Vendor Profile: Grafton Village Cheese
In 1892, a group of rural New England dairy farmers gathered together in hopes of solving what to do with their surplus supplies of raw milk. Because it was so difficult to store milk without refrigeration in those days, they needed to find a solution for turning their abundance of milk into a product that could be stored for a longer period of time.
Together they founded the Grafton Village Cheese Company and embarked on a shared dream—to produce cheese as a cooperative. Although over 100 years have passed since that initial meeting, it is clear the farmers—and their descendants—have never looked back. Today, their business is a rural Vermont mainstay, offering a variety of creamy, smooth flavors made from raw milk for its natural and healthy qualities. With time-tested methods and fresh, local ingredients, Grafton Village has never wavered in their dedication to the region’s economy, as well as the continued health and well-being of our community.
After a fire destroyed the original factory in 1912, Grafton Village was restored and ultimately saved by the nonprofit Windham Foundation in the mid-60’s. Even today, quality and taste are the hallmarks of the award-winning cheese made in Grafton Village. Despite it’s reiterations, their traditions have remained the same: they make their cheese by hand using premium raw milk from small, local family farms.
When you purchase Grafton Village Cheese, you are directly supporting the Windham Foundation’s work promoting Vermont’s rural economy. They have two production facilities in Grafton and Brattleboro, Vermont. The mission of the Windham Foundation of Grafton, Vermont is to support the vitality of Grafton and Vermont’s communities through its philanthropic and educational programs, as well as its subsidiaries whose operations contribute to these endeavors.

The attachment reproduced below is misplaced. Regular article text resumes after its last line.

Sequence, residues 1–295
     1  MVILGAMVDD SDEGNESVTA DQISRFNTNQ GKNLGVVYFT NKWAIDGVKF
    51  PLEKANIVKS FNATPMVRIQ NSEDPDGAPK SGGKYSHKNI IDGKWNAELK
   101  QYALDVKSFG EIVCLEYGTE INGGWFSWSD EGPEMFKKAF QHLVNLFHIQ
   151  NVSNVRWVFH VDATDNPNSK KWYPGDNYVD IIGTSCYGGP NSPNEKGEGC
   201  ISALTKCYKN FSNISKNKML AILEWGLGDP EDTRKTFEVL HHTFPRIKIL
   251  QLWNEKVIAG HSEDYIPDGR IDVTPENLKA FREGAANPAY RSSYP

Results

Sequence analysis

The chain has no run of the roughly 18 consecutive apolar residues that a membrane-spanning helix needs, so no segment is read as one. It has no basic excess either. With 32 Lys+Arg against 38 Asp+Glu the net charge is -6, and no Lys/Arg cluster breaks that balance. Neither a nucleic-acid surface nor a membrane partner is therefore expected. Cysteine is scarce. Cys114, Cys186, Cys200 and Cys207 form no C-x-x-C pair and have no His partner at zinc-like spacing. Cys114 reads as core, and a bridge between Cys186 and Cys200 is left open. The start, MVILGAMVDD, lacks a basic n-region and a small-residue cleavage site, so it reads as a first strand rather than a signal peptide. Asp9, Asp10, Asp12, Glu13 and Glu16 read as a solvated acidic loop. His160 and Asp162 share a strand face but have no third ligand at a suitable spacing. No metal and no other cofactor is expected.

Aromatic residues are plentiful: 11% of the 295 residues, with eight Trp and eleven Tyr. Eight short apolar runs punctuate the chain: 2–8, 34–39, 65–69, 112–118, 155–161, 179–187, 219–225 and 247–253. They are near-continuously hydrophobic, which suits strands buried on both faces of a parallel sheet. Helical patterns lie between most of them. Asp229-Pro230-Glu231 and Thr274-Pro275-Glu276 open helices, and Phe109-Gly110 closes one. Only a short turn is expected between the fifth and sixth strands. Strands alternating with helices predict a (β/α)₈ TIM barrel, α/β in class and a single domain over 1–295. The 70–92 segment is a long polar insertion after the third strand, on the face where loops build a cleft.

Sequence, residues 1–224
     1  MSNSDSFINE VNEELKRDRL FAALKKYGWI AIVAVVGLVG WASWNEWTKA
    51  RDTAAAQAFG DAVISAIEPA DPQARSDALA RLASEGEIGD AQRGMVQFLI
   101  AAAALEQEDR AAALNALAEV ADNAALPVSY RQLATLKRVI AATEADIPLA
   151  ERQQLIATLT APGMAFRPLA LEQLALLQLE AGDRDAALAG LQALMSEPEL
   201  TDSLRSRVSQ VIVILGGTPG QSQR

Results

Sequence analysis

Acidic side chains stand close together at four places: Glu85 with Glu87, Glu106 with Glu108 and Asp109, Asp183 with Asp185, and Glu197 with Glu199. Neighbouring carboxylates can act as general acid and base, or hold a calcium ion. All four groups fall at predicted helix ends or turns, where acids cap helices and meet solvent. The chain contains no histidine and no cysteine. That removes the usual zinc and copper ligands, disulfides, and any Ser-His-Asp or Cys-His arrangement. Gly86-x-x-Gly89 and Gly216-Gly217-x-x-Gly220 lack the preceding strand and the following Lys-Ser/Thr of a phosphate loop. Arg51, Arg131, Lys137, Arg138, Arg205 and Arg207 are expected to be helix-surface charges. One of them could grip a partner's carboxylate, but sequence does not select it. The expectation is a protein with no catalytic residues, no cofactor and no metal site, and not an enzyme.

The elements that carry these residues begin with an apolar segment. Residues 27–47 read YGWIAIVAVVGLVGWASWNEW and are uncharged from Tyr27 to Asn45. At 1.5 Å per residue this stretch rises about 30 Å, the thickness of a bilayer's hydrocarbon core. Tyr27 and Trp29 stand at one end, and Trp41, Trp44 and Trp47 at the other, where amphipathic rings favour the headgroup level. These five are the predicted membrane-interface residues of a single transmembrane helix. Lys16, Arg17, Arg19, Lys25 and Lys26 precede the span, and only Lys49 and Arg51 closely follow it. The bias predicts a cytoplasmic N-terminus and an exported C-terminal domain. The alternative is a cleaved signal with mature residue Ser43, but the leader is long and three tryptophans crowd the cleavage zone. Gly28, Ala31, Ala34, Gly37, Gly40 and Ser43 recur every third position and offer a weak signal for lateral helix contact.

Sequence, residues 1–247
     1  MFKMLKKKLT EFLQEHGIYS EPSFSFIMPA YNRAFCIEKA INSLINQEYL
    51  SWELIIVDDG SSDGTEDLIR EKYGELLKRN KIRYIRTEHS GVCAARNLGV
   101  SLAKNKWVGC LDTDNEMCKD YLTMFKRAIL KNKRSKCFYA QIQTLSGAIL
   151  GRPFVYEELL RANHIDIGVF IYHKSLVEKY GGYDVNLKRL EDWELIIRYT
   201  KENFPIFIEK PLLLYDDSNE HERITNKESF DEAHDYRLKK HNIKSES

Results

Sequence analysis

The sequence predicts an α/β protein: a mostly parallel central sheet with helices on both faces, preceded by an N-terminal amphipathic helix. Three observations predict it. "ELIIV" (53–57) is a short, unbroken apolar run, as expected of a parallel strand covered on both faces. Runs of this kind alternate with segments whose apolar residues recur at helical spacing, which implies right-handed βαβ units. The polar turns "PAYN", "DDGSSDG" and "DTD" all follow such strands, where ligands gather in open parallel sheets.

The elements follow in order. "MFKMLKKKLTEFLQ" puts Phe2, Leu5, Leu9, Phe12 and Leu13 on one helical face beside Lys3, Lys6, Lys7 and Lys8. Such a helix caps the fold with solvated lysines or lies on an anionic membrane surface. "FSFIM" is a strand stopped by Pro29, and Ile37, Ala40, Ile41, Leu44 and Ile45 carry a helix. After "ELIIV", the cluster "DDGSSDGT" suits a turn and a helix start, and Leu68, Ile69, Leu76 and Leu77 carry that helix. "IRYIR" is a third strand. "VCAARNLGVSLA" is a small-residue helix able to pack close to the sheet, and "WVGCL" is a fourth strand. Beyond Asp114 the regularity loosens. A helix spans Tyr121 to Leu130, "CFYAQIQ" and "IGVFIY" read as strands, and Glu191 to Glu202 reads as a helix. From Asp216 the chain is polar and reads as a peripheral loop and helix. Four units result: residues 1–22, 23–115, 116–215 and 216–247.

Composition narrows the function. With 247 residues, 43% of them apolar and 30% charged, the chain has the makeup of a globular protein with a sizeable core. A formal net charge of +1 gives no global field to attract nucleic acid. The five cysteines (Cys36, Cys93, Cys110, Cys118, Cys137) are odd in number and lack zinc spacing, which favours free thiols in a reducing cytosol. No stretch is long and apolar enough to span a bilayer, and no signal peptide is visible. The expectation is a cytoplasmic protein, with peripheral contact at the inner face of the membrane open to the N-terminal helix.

We interviewed Ruth Anne Flore, the current CEO/President of Grafton Village Cheese who wrote on behalf of the company.
Grafton Village has served the local region for over a century. How has this history shaped the business into what it is today?
Grafton has never wavered from its handmade, small batch production and its commitment to producing a traditional New England style cheddar; a cheddar with "bite." Our flavor profile remains distinctive. We consider ourselves one of a handful of legacy cheese companies in the country and definitely enjoy greater popularity in New England and up and down the east coast. Although we are distributed nationwide with an abundance of competition and sweeter flavor profiles, we still consider ourselves a regional cheese company.
What role does the Windham Foundation play in sustaining this success?
If it wasn't for the Windham Foundation restoring the original Grafton site, we wouldn't be having this conversation! As a Windham foundation-owned enterprise, Grafton Village Cheese communicates a sense of place and has developed a following of buyers and consumers who support businesses of all shapes and sizes who demonstrate social responsibility, authenticity, and transparency.
What is the timeline for your cheese making process? How do you know when to stop aging the cheese to prepare it for the market?
Grafton's grading team predicts each batch's future. Grading begins when batches are "green" or about 2 months aged and again about every 3 months. They look for a gamut of flavors and textures - creamy, crumbly, grassy, sweet like milk or sweet like caramel, rich, acidic, a little bitter, sharp, sulfury, somewhat underdeveloped with promise, others unpredictable. Throughout the process, our graders decide which batches will age for one year, two years, and beyond.
What local ingredients do you use to make your cheese stand out from other brands?
All of our milk comes from Vermont family farms. Our milk source has always been co-mingled. We have worked closely with the Co-op to develop a milk route based on each dairy's fat and protein components and understanding there will be a degree of variability and seasonality. Our most important "ingredient" is our cheesemaking team, led by Mariano Gonzalez, our head cheesemaker. Mariano is one of the country's best cheddar makers and dedicated to his craft. His ability to mentor our team guarantees the Grafton brand maintains its traditional flavor profile.
How does buying locally produced cheese help the rural economy in New England?
Well, certainly the choices we make have a direct impact on our communities. When buying locally produced cheese, you are supporting not only the teams that make it happen, but the dairies from whom we purchase our milk, and the local retailers, country stores, inns, and restaurants who include locally produced cheese on their shelves and menus. Specific to Grafton Village Cheese, as a part of the Windham Foundation, we work to support Vermont's rural communities and you directly support that mission when you purchase Grafton Village Cheese.